And as far as a trade war is concerned, the president continuously talks about, even in his foreign policy speeches, the stock market that is at record levels. The last thing this administration wants, it seems to me, is a trade war with China that is likely to produce -- give significant downturn in the economy.

So, threatening one in an effort to gain another, I suspect, is going to leave the president, figuratively speaking, poorer, both in terms of his capacity to influence North Korea and his determination to improve the American economy.

CABRERA: OK, bigger picture, I want to ask you about his foreign policy on whole and some new comments from his national security adviser, H.R. McMaster, who also did an interview with "The New York Times" and said the president's approach to foreign policy is out of his comfort zone, meaning out of H.R. McMaster's comfort zone.

But he says he likes the president's disruptive style. What do you make of this?

MILLER: I don't -- you know, look, I worked for Republicans and Democrats and I voted for Republicans and Democrats.

If you want to be a great power, you need to be admired, you need to be respected, and you need to be feared. And, frankly, in my 25 years in government, I can't remember a time when we have been running deficits, frankly, in the admiration, the respect, and the fear categories.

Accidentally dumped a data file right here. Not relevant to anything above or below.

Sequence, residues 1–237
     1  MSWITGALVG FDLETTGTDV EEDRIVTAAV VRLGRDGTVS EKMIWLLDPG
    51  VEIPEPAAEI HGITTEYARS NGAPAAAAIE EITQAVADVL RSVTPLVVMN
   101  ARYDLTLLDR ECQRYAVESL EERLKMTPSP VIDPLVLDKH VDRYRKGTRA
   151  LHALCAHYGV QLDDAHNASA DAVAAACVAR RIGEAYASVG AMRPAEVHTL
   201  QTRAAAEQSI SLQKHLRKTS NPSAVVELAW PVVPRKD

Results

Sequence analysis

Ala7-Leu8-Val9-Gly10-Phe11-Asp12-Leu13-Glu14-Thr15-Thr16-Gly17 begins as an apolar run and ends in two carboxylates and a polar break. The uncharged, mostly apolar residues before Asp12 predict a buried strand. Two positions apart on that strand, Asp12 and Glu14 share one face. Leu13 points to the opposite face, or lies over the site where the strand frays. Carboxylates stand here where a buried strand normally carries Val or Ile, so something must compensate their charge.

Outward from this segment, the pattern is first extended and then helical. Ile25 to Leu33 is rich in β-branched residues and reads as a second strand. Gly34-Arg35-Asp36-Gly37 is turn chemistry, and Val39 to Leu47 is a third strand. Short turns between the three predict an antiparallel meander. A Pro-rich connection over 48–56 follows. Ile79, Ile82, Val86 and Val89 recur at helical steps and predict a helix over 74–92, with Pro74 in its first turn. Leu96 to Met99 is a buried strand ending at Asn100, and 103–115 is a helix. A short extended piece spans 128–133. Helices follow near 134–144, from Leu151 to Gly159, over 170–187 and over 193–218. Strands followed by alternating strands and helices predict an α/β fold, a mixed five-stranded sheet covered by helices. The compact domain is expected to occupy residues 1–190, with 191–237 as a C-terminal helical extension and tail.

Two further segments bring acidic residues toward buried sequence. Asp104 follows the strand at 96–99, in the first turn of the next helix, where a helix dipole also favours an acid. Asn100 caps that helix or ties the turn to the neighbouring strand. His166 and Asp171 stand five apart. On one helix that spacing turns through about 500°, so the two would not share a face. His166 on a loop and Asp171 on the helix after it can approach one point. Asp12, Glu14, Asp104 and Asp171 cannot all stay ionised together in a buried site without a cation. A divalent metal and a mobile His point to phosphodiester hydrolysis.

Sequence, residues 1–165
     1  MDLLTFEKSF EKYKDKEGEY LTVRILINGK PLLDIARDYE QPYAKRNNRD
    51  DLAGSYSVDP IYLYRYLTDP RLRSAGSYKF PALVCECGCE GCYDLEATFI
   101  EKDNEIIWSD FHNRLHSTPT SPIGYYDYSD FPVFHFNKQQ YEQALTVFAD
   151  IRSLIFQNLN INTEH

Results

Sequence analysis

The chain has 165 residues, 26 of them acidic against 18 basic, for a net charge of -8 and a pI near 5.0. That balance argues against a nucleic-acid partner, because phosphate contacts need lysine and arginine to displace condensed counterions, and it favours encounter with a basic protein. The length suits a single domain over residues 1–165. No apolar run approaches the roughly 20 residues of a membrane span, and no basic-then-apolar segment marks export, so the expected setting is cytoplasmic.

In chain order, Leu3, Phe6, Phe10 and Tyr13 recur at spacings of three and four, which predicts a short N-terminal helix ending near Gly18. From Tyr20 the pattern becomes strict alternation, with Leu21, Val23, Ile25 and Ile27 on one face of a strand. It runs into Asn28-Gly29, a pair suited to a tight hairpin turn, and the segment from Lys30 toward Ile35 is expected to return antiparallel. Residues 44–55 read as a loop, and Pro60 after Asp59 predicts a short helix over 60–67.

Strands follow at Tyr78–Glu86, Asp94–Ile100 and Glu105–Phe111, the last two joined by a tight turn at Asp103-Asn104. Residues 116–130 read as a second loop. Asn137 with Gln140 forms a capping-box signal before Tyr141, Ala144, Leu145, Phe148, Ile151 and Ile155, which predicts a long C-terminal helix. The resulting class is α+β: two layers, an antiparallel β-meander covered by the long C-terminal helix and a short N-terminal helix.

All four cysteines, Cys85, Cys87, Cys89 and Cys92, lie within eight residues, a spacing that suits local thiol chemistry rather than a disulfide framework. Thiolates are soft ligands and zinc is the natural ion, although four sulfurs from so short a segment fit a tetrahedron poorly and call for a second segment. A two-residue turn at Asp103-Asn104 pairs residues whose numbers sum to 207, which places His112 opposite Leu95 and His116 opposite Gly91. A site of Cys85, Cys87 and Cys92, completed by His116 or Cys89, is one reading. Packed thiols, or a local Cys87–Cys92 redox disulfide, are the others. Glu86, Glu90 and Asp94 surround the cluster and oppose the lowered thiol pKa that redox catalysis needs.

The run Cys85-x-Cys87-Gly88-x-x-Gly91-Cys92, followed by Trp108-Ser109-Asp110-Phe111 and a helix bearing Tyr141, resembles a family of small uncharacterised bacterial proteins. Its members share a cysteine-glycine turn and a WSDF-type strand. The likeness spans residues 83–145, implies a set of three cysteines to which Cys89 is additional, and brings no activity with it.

And, frankly, I think that's bad. The president deserves credit for separating the Islamic State from its caliphate. He deserves credit, it seems to me, for avoiding the kinds of nation-building exercises, not of his predecessor, but his predecessor's predecessor.

But, on balance, it seems to me we are less admired, we are less respected across the board. And are we feared? Well, I think people fear Donald Trump's unpredictability, but I don't think Putin fears Donald Trump is going to strike Russia or its assets.


I don't think President Xi of China feels the same way. What they fear is the president taking some step that would indirectly create problems for them. So, no, I think our adversaries are gaining an advantage on us, our

allies are hedging their bets because they really don't understand what our policy is.

I'm hoping, but I have been hoping now for a year or so, that in fact this policy would be brought back into the comfort zone, not entirely, but back into the comfort zone. And I just don't see it.

CABRERA: All right. Aaron David Miller, thank you.

MILLER: Thank you, Ana.

CABRERA: And just in, Friday document dump release involving e-mails from longtime Hillary Clinton aide Huma Abedin that were found by the FBI on Anthony Weiner's laptop.

More on that coming up.